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Important High-Level ECC Design Considerations

Reliability and Redundancy

This article discusses reliability and the use of redundancy to increase reliability.

Without redundancy, many memory technologies such as MLC NAND Flash would be too unreliable to be useful or practical, but, with redundancy, they can be made arbitrarily reliable by adding more and more redundancy to the data. Generally speaking, the more redundancy that is added, the more reliable the memory is.

Consider MLC NAND Flash as an example. Without redundancy, MLC NAND Flash would probably be too unreliable to be practical. The more bits stored per cell, the more unreliable MLC NAND Flash memories become. However, it is usually possible to add, maybe 10% redundancy to enable the capacity of MLC NAND Flash memory to be doubled. Adding another 10% redundancy may enable the capacity to be doubled again, etc.

2D-RS Redundancy

Some may argue that the 2D ECC Schemes proposed by ECC Tek take too much redundancy to be practical.

However, it is important to understand that if the basic memory element (either a solid-state memory chip or an HDA) used in a 2D-RS SSD or 2D-RS HDD is used as a “stand-alone device”, then it must be much more reliable than if it is used as a memory element in an array of memory elements. A stand-alone HDD product, for example, would be too unreliable to be practical if, on the average, it failed to recover data a few times a month. However, if the HDA from that HDD were used as a memory element in a 2D-RS HDD, it would probably be reliable enough because the horizontal ECC could easily correct for those types of infrequently occurring failures.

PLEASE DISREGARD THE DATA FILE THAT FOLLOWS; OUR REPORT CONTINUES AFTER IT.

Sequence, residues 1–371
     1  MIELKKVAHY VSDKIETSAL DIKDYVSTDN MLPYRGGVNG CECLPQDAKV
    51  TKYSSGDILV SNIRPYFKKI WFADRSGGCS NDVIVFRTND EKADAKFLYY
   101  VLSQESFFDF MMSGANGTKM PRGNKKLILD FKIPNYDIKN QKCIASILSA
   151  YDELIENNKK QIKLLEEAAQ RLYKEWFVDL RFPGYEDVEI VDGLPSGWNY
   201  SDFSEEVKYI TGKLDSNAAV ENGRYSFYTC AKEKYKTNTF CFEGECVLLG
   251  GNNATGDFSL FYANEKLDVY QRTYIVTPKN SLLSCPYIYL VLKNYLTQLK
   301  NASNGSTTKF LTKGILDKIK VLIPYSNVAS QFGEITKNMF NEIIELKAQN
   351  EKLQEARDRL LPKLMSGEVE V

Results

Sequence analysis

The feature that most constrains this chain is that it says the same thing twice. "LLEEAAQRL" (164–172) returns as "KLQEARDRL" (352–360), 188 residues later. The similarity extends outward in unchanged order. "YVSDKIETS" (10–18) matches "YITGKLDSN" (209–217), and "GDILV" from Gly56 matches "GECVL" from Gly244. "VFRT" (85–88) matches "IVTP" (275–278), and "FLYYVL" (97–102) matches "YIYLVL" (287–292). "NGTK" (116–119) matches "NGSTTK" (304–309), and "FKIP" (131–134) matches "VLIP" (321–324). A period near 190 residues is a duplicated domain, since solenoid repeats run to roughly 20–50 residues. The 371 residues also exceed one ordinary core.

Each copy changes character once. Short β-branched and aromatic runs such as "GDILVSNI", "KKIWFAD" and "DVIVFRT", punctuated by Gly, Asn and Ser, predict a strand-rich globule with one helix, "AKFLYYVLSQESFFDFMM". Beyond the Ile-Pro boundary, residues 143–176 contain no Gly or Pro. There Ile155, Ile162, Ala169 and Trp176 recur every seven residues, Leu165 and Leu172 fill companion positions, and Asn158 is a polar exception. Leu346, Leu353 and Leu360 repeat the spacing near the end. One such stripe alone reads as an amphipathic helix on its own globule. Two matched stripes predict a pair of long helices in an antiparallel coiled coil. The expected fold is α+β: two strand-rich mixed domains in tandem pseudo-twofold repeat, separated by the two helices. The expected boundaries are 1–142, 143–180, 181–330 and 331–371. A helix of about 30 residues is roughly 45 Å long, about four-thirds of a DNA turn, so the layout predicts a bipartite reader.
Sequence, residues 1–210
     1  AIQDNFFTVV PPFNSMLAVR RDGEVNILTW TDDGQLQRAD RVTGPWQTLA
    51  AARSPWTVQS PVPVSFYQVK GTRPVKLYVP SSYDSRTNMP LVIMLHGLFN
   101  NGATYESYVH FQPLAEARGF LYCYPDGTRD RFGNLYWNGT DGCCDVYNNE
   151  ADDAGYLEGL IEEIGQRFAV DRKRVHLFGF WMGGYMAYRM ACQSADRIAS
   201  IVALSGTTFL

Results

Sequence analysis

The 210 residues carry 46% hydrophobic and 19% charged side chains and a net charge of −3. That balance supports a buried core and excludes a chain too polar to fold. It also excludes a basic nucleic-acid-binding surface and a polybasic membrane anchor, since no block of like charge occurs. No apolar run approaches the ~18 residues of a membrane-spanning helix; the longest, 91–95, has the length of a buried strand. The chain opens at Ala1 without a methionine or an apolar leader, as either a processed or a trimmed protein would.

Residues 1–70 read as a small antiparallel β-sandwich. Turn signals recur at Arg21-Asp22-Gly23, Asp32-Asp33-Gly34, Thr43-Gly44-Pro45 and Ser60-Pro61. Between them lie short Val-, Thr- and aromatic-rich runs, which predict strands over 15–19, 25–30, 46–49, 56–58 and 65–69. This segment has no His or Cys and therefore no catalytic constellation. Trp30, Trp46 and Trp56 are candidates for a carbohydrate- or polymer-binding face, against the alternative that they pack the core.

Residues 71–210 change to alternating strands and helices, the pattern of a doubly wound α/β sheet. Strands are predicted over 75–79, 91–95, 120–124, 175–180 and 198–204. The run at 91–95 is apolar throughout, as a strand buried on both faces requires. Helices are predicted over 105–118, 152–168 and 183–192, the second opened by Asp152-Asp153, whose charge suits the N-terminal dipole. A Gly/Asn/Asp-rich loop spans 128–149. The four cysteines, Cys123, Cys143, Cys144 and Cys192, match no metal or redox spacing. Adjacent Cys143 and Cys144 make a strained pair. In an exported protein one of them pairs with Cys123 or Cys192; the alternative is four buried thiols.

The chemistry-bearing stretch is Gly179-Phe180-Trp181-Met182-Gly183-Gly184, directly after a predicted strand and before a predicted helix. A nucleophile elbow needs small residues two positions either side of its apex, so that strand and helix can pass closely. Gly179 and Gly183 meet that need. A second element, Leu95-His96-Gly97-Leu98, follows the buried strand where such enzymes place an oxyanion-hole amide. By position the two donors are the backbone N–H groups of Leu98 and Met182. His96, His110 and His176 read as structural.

Most likely nobody knows precisely how much the capacity of a storage system could be increased by the use of the 2D-RS scheme, but adding say 25-30% redundancy may allow the usable memory capacity to be significantly increased from what it would be if each memory element was used as a stand-alone product. If that proved to be true, then the extra redundancy added by the 2D-RS ECC scheme would essentially cost nothing and could possibly even decrease the $/TB cost of the memory system.

Capacity and Redundancy

The following graph is intended to convey a concept and is not intended to be precise. Consider a memory that can operate at three operating points A, B and C.

If the memory is operating at operating point A, there normally is some way to increase the total capacity of the memory so that it can operate at point B. Total capacity can be increased by decreasing the size of memory cells or by storing multiple bits per cell. Increasing the total capacity normally increases the error rate (decreases reliability) of the memory so that more redundancy is needed to meet the error rate (reliability) requirement, and the usable capacity is the total capacity minus the redundancy.

We could say that increasing the usable capacity of a memory requires more redundancy, but we could also say that if we increase the redundancy, there probably is some way to increase the usable capacity as long as we are not at the point where the total capacity has reached a limit.